6. Fill operational gaps. What are you not offering that your customers value? Providing daycare may get more young women on the course, or a short game practice area may bring avid golfers out more often.
7. Think about tomorrow more than you think about today. Much of golf marketing is reactive to a month of bad weather or a short-term downturn in memberships. Having a marketing plan will help you keep sight of long-term goals for the bottom line and the identity of your facility.

Read the full article

December 01, 2012

Entrepreneur Magazine, Christopher Hann. Interview Topic: Your Wish is My Command

Q: How can you determine exactly what it is your customers want?

A: This sounds like a no-brainer, right? Wrong. You’d be surprised to learn how many entrepreneurs lurch around, oblivious to their customers’ deepest desires. How is this possible? Easy. The entrepreneurs forget to ask. Or they ask the wrong questions. Or they rely on their sales force to enlighten them, and the sales force asks the wrong questions. That’s where Jaynie L. Smith comes in.

Read the full article

PGA Magazine: Meeting of Merchandising Minds

Read the full article

November 23, 2012

New York Times: Promoting Made in U.S.A., but Very Carefully

BRANDS reviving the “Made in the U.S.A.” slogan to attract buyers for American-produced goods are relying less on patriotism and more on data that shows consumers are willing to pay a premium for better quality, quicker availability and product safety.

But many companies are stepping gingerly, avoiding sweeping claims and spelling out what “Made in the U.S.A.” means for their products. Consumers are more shrewd about how few consumer goods actually are made in the United States, leaving companies less wiggle room about the origin of products.

The Whirlpool Corporation, for example, specified in full-page print advertisements this year that 80 percent of its appliances “sold in the U.S. come from our U.S. factories.” Despite its deep American roots, the 101-year-old company — which makes Maytag, Amana, KitchenAid and Jenn-Air products — has, like other corporate giants, moved some manufacturing abroad.

Read the full article

July 11, 2012

WholeFoods Magazine: Do Businesses Know What Their Customers Want?

Research shows that 90% of businesses do not know what their customers want. In a world burdened with financial difficulties, American stores need to shape up. According to a four-year study conducted by the market intelligence firm, BIGresearch, most customers will put value and service ahead of price. That’s right. Even though your store may be just a tad more expensive than the one next door, if yours provides quality assistance for consumers, they will choose you over the lower-priced competition.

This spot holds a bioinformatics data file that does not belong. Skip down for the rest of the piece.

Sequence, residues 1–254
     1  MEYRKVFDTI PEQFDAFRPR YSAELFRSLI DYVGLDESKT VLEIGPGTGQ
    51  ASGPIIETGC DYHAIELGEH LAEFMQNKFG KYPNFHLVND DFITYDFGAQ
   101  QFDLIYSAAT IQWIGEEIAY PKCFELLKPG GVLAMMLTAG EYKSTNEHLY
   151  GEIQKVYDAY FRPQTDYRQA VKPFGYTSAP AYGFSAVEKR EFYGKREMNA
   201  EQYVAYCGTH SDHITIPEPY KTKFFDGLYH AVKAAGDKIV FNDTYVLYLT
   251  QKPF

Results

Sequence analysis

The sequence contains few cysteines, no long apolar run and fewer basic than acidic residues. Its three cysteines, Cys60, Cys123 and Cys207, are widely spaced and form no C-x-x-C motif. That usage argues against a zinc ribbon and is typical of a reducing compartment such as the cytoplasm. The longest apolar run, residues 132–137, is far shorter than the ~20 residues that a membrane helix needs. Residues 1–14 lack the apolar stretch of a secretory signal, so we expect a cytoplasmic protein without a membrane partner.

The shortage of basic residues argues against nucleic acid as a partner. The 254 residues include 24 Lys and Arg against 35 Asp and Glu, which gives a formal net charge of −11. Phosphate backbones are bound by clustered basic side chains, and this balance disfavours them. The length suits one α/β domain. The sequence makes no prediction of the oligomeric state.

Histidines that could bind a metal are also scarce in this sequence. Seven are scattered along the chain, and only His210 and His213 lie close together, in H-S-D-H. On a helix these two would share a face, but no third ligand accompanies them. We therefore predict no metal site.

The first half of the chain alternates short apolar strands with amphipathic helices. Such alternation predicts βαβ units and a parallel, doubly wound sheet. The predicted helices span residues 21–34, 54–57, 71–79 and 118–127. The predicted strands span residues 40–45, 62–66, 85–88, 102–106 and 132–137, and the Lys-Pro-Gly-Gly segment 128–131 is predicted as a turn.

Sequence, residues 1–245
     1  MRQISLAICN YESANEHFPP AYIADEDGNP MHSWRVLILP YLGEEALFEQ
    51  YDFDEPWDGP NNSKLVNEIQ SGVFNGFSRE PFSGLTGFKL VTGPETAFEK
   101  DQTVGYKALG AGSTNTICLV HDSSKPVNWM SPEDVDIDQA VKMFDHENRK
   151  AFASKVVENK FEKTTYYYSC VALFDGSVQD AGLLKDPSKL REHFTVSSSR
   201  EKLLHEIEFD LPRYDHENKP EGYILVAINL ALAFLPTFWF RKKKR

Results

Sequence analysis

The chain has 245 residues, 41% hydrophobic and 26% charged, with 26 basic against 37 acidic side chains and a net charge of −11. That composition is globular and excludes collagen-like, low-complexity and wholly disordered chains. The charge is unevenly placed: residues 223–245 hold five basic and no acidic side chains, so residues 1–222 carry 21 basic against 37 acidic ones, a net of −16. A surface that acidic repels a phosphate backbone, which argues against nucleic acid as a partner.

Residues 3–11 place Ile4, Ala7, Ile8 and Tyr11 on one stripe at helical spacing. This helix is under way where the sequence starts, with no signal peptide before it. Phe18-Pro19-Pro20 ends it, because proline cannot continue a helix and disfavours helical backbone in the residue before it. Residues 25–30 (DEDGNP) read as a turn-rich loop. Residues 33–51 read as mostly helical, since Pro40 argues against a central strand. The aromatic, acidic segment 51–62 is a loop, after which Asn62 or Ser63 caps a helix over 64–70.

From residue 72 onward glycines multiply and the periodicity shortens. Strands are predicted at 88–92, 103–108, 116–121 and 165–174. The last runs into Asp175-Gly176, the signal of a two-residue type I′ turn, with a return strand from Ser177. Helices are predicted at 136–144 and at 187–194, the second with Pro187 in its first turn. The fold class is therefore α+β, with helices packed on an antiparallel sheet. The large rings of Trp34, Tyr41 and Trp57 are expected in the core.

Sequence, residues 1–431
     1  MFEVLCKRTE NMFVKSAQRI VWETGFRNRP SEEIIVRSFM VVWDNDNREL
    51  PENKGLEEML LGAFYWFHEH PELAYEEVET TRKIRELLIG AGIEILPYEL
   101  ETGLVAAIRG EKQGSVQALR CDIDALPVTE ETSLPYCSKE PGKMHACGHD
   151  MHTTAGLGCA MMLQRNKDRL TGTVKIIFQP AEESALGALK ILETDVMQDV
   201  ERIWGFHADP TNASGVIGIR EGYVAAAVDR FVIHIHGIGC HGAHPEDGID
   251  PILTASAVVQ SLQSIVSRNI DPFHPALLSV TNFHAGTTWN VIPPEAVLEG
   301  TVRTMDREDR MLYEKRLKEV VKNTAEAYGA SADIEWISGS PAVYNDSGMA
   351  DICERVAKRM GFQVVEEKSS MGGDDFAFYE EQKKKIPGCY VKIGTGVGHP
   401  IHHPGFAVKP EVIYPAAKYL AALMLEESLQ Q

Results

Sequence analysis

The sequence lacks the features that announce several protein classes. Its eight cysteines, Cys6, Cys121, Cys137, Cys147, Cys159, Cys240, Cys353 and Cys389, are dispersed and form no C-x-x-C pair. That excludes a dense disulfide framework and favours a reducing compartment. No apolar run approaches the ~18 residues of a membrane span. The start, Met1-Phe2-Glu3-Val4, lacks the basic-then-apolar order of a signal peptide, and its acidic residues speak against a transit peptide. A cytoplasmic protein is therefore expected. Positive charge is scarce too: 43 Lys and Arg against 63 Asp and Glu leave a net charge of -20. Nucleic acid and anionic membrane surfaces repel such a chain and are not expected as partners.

“When researchers asked customers how far they’d be willing to drive for excellent service, 80 percent said they’d travel four or more miles, and nearly half said they would drive ten miles or more for the right combination of price, quality and customer service,” said Scott Gross, author of When Customers Talk.

In addition, Jaynie L. Smith, CEO of Smart Advantage, Inc. and author of Relevant Selling, added that “the business who becomes relevant by addressing what customers really value at any given time will be the first ones out of the recession.”

Here are five easy tips to help adjust your sales and marketing message to become more attractive to consumers.

1. Pay attention to “how” things are sold, not “what” is sold. In a world of rapid technological advancements, it is hard for the more traditional stores to compete. After all, why would a customer purchase what they need at your store when they can do so at their convenience, either online or at a closer location? That is where the “how” comes in. Every place will be selling the same “what,” but it is up to you to differentiate your business and products from all the others. Smith’s mantra is, “If you don’t value what you bring to the costumer, they won’t value it either.” Make sure to maintain your company’s reputation on matters such as consistency, customer service or quality.

Read the full article

September 27, 2011

5 Companies That Know Why They’re Great

In her book, Creating Competitive Advantage, author Jaynie Smith writes: “In my research with middle-market companies, I found only two CEOs out of 1,000 who could clearly name their companies’ competitive advantages. The other 99.8 percent could offer only vague, imprecise generalities.”